A sign outside the Finnish Institute for Health and Welfare (THL) on Mannerheimintie in Helsinki in November 2022. THL has announced that it will downsize its staff by about 15 per cent in order to meet the government-imposed cost-saving target of 12 million euros, resorting to means such as lay-offs, pension arrangements and contract non-renewals. (Heikki Saukkomaa – Lehtikuva)


SHOP STEWARDS at the Finnish Institute for Health and Welfare (THL) have expressed their alarm about the ramifications of newly announced cost savings for the role of the research institute, reports Helsingin Sanomat.

“The THL of tomorrow won’t be what it was during the coronavirus pandemic,” Markus Perola, a deputy chief shop steward at THL, summarised in an interview with the newspaper on Tuesday.

THL on Tuesday announced it will reduce its headcount by a total of 206, including by laying off 93 staff members, in order to meet its government-imposed cost-savings target of around 12 million euros. In addition to lay-offs, the headcount will be reduced by means of pension arrangements and non-renewals of fixed-term contracts, for example.

A decision on the cost-saving measures was made unilaterally after consultative negotiations with staff representatives failed to yield a mutually satisfactory outcome.

“The change process has been taxing on the entire staff. We did, however, manage to significantly reduce the number of employees who will be laid off during the negotiations, which is a good thing,” commented Mika Salminen, the managing director at THL.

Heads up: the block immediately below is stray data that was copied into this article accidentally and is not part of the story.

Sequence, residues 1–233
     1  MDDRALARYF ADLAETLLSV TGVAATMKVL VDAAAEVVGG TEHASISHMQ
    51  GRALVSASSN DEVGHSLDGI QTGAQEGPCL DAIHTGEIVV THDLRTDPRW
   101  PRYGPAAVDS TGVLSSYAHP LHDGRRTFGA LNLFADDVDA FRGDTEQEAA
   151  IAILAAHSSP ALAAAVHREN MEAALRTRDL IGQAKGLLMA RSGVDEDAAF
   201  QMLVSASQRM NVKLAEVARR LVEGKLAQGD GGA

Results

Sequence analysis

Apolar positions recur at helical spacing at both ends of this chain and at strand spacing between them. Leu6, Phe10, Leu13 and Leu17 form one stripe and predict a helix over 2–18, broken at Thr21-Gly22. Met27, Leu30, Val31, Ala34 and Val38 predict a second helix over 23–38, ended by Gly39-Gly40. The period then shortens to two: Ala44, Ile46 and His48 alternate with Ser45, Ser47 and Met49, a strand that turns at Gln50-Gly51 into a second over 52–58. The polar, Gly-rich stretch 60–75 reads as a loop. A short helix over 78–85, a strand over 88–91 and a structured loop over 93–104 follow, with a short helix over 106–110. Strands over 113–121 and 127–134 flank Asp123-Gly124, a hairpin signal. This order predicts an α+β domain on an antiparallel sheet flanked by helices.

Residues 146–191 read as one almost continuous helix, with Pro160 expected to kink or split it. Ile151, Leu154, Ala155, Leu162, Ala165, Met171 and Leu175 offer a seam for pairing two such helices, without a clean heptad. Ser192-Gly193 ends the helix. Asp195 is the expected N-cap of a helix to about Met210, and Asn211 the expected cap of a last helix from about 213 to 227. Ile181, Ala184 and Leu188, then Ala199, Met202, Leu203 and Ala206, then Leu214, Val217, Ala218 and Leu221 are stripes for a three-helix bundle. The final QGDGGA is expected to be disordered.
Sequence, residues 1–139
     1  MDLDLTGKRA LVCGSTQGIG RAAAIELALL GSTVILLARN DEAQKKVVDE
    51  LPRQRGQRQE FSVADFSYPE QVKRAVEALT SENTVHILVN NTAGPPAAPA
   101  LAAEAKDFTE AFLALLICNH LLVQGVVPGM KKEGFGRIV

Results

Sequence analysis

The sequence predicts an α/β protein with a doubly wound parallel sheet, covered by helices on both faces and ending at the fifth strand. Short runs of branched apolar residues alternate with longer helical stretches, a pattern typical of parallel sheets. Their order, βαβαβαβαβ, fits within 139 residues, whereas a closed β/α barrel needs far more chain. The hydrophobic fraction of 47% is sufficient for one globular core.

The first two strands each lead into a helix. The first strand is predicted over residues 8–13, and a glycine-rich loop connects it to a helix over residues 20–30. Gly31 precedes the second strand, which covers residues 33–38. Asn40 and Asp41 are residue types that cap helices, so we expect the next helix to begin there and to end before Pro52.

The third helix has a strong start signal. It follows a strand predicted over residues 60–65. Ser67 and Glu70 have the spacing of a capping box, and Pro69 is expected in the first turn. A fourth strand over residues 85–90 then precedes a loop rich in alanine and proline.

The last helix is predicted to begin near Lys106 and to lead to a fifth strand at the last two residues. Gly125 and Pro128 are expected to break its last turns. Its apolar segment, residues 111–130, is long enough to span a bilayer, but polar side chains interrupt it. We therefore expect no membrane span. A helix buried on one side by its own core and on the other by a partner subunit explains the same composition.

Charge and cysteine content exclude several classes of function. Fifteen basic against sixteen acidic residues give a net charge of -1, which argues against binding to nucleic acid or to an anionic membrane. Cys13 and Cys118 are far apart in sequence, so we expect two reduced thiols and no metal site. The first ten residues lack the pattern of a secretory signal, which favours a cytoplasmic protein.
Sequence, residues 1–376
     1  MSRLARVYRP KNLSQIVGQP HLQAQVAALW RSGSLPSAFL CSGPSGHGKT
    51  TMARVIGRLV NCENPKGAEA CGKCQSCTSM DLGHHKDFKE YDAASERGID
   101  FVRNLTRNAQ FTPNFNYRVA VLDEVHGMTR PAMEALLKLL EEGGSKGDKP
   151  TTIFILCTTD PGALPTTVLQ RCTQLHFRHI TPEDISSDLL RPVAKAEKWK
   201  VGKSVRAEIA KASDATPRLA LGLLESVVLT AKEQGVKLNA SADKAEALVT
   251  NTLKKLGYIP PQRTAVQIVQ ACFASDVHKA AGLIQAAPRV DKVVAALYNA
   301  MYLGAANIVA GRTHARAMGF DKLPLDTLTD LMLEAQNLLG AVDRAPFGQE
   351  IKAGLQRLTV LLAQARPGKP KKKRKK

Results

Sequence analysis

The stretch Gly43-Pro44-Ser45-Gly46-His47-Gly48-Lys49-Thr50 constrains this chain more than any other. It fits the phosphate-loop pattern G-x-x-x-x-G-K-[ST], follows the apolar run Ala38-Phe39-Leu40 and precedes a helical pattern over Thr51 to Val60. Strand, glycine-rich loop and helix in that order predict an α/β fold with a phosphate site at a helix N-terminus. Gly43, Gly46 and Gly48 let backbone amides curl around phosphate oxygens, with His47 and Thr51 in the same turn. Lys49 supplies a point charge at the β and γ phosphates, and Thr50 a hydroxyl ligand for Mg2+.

The institute acknowledged in the press release that the measures will have an effect on many of its functions. Significant downsizing will be carried out in, for example, the health security department, which was in charge of handling the coronavirus pandemic, the department in charge of longer-term monitoring of public health and well-being, and the knowledge brokers department, which is in charge of data production and information management in social and health care services.

Timo Sinervo, the chief shop steward at THL, stated to Helsingin Sanomat on Tuesday that the cost cuts will end certain long-term health monitoring projects, such as surveys and tests that track cholesterol levels among the public.

While similar studies can be carried out elsewhere, the results may not be comparable, he added.

The lay-offs will affect preventative, research and counselling efforts, including vaccination counselling, research on the health effects of noise and the work of the Centre for Gender Equality Information.

The shop stewards expressed their bafflement with the cuts, describing them as strategic choices given that they generate no significant cost savings because the research teams in question have largely operated with external funding.

“Typically you go after these kinds of research funding, but now you’re pushing it out of the house,” said Perola. “It’s completely unprecedented that you’re pulling the plug on research themes with stable funding simply because you think that you’d rather not do this kind of work.”

Salminen said to the newspaper that the institution had no choice to “cut some runners”. Although the cuts will push certain research to universities, he assured that the institution will continue to produce data and insights.

“Because we had such large change negotiations, where the government decided to take 15 per cent of our resources, it’s absolutely clear that we’ll have to set up some boundaries for what we can and can’t do in future,” he said. “The whole idea is that research as such doesn’t suffer but that it could continue elsewhere in a way from a better foundation.”

“If we dragged our feet, the situation could become even worse later.”

Aleksi Teivainen – HT